On 20 Jul 2011, at 18:42, meekerdb wrote:

On 7/20/2011 6:43 AM, Bruno Marchal wrote:

I'm afraid this is not true. Some people even argue that computation does not exist, the physical world only approximate them, according to
them.
I have not yet seen a physical definition of computation

How about "a series of causally connected states which process
information"


Can you give me a physical definition of the terms "series", "causal", "connected, "states", "process", and "information"?
And I am very demanding: I would like an axiomatic definition.
In absence of such a definition, you are just describing an implementation of a computation in what you assume, implicitly, to be a natural universal system.



, except by
natural phenomenon emulating a mathematical computation. Computer and
computations have been discovered by mathematicians, and there many
equivalent definition of the concept, but only if we accept Church
thesis.

Now if you accept the idea that the propositions like "if x divides 4 then x divides 8", or "there is an infinity of twin primes" are true or false independently of you, then arithmetical truth makes *all* the
propositions about all computations true or false independently of
you. The root of why it is so is Gödel arithmetization of the syntax
of arithmetic (or Principia). To be a piece of a computation is
arithmetical, even if intensional (can depend on the *existence* of
coding, but the coding is entirely arithmetical itself.

In short, I can prove to you that there is computations in elementary arithmetical truth, but you have to speculate on many things to claim
that there are physical computations. Locally, typing on this
computer, makes me OK with the idea that the physical reality emulates
computations, and that makes the white rabbit problems even more
complex, but then we have not the choice, given the assumption.

So I assumed I didn't understand Bruno's argument correctly.

You seem to have a difficulty to see that elementary arithmetic "run"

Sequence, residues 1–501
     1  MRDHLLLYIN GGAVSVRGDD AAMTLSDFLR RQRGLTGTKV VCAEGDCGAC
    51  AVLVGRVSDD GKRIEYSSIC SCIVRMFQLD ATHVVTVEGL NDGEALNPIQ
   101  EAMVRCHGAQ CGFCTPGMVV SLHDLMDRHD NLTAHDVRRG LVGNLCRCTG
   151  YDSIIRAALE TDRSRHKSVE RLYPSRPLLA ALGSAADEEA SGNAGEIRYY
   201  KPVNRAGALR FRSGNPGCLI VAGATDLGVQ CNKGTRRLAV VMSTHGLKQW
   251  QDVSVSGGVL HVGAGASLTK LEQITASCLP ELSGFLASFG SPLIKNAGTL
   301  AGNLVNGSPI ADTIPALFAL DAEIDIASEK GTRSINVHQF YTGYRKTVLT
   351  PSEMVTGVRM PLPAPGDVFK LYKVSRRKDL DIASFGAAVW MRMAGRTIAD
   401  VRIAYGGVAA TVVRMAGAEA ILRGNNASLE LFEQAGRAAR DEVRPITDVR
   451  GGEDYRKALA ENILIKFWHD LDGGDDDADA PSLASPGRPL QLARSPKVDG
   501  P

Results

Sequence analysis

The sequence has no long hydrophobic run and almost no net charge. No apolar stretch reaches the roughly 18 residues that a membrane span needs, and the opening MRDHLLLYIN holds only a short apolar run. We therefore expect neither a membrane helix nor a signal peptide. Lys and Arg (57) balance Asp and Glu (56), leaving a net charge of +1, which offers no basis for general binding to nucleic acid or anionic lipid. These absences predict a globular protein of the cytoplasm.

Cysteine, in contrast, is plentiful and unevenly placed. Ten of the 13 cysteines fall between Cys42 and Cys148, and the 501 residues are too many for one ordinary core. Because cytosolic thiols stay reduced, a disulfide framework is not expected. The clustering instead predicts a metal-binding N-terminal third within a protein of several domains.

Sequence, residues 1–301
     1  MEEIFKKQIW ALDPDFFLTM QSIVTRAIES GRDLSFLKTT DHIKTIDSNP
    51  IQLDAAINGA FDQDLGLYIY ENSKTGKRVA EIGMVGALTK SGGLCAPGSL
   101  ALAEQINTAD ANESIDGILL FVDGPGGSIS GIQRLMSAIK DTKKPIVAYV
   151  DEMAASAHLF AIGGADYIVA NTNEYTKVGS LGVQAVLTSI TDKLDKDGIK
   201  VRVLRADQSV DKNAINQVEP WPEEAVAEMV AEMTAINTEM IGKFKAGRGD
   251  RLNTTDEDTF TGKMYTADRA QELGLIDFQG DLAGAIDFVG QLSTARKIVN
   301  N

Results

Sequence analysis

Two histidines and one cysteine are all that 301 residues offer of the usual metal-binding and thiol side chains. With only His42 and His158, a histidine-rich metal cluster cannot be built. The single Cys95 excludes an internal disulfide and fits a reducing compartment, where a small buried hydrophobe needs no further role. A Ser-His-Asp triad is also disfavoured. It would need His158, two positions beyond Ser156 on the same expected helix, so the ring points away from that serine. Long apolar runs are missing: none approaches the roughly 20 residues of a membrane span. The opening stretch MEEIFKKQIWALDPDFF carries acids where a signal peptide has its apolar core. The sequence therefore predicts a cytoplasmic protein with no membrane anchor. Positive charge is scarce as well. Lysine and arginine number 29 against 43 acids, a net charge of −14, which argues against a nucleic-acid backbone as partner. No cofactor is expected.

the UD, not in time and space, but in the arithmetical truth.

He should. Truth is not existence.

What is "existence"? If you refer to physics, then you are begging the question, or you are just assuming that we are not machine.

Bruno

But I think you beg the question by demanding an axiomatic definition and rejecting ostensive ones.

Why?
The point is that ostensive definition does not work for justifying an ontology. That's what the dream argument shows. Being axiomatic does not beg the question. You can be materialist and develop an axiomatic of primitive matter. The whole point of an axiomatic approach consists in being as neutral as possible on ontological commitment.



Axiomatics are already in Platonia so of course that forces computation to be there.

The computations are concrete relations. They don't need axioms to exist. Then the numbers relation can be described by some axiomatic. This means only that we *can* agree on simple (but very fertile) basic number relations. For primitive matter, that does not exist, and that is why people recourse to ostensive "definition". They knock the table, and say "you will not tell me that this table does not exist". The problem, for them, is that I can dream of people knocking tables. So for the basic fundamental ontology, you just cannot use the ostensive move (or you have to abandon the dream argument, classical theory of knowledge, or comp). But this moves seems an ad hoc non-comp move, if not a rather naive attitude.

Bruno


http://iridia.ulb.ac.be/~marchal/



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